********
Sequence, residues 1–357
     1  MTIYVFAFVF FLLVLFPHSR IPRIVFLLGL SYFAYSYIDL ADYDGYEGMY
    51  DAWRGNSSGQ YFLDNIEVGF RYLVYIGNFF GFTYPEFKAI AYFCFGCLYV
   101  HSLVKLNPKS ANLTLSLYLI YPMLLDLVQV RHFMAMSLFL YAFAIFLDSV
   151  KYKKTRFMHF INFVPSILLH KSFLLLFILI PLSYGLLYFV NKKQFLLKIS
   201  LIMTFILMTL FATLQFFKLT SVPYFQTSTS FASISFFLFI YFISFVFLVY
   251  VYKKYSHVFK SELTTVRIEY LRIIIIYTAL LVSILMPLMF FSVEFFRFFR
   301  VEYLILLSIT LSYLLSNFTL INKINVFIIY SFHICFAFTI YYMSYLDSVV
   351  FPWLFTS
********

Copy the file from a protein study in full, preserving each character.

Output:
Sequence, residues 1–357
     1  MTIYVFAFVF FLLVLFPHSR IPRIVFLLGL SYFAYSYIDL ADYDGYEGMY
    51  DAWRGNSSGQ YFLDNIEVGF RYLVYIGNFF GFTYPEFKAI AYFCFGCLYV
   101  HSLVKLNPKS ANLTLSLYLI YPMLLDLVQV RHFMAMSLFL YAFAIFLDSV
   151  KYKKTRFMHF INFVPSILLH KSFLLLFILI PLSYGLLYFV NKKQFLLKIS
   201  LIMTFILMTL FATLQFFKLT SVPYFQTSTS FASISFFLFI YFISFVFLVY
   251  VYKKYSHVFK SELTTVRIEY LRIIIIYTAL LVSILMPLMF FSVEFFRFFR
   301  VEYLILLSIT LSYLLSNFTL INKINVFIIY SFHICFAFTI YYMSYLDSVV
   351  FPWLFTS